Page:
WES Brown has warned that Sunderland will pay a heavy price if they start Sunday’s game against Arsenal as poorly as they did against West Brom in their last outing, writes GRAEME ANDERSON.
The Black Cats were 2-0 down to the Baggies inside the first five minutes at the Stadium of Light before recovering to draw 2-2 on October 1.
But Brown says the Wearsiders cannot expect to get away with a start like that again – especially against free-flowing Arsenal at the Emirates this weekend.
“When you go to Arsenal, you have to keep it tight for at least the first 20 minutes,” said the ex-Manchester United defender. “We can’t afford to get off to another really bad start like we did against West Brom.
“To be 2-0 down after five minutes gives you a mountain to climb.
“Thankfully, we got back into that game, but if we start like that on Sunday, we’ve got no chance.
“We’ll be looking to keep a clean sheet and hopefully drive on from there.”
Though Sunderland’s start has been poor, 15th-placed Arsenal’s – just one point and one place above the Wearsiders – has been far worse by the Gunners’ own high standards.
Both teams will be looking to improve their records this Sunday (1.30pm kick-off) and add a touch of respectability to their league positions.
And while Brown acknowledges that Sunderland will be facing an Arsenal side determined to return to the heights, he hopes that the international break will see Sunderland return to Premier League action ready to show their best form.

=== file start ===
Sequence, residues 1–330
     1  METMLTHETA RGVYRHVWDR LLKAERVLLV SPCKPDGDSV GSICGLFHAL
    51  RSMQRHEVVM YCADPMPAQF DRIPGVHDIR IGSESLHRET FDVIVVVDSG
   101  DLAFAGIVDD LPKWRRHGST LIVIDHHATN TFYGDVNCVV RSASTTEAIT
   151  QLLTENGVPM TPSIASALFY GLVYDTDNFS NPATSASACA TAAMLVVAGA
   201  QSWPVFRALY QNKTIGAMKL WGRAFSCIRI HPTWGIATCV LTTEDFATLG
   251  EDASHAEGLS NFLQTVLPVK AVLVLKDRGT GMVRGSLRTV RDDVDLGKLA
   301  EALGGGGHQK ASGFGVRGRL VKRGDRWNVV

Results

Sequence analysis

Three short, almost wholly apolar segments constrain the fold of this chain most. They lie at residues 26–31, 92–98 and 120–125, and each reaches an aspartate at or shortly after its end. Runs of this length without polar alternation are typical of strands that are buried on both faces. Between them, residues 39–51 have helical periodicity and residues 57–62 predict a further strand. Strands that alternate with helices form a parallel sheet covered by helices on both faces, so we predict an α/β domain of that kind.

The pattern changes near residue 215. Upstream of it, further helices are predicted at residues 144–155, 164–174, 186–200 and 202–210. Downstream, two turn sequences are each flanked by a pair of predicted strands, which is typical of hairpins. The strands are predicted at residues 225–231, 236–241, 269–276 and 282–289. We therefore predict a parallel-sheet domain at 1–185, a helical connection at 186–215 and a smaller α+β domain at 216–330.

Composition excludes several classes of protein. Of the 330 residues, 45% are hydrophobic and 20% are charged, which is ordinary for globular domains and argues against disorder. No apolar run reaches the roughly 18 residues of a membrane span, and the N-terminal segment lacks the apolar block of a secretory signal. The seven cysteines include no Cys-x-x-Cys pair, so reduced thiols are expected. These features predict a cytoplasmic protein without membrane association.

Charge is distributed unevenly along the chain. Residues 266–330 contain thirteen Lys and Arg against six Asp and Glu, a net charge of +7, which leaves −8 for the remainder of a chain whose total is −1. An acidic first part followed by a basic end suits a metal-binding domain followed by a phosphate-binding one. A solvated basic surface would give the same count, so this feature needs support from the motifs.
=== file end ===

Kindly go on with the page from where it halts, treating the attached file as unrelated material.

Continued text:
He said: “Like ourselves, Arsenal haven’t had too good a start to the season.
“They probably expected a bit more, just as we did. What we need is a win to restore some confidence and lift us back up the table.
“Arsenal have quality players and it will be a very difficult game for us.
“But I’m really looking forward to it. I’ve had a couple of weeks without a game now and I’m raring to go.”
Brown faced Arsenal many times in his Manchester United career, with the games between the Gunners and the Red Devils in the late 1990s and early 2000s often viewed almost as title deciders.
There was always an edge in the games between both managers and players, but Brown said: “Whatever the rivalry, there was a lot of professional respect between the players and the two managers for the football they played and their achievements.
“Often we came out on top and sometimes it was Arsenal, but the competitive spirit of the sides was typified by the captains.
“Roy Keane and Patrick Vieira were both such great skippers, as well as fantastic players.
“They went head-to-head in midfield, but I know they also had great respect for each other and their abilities.”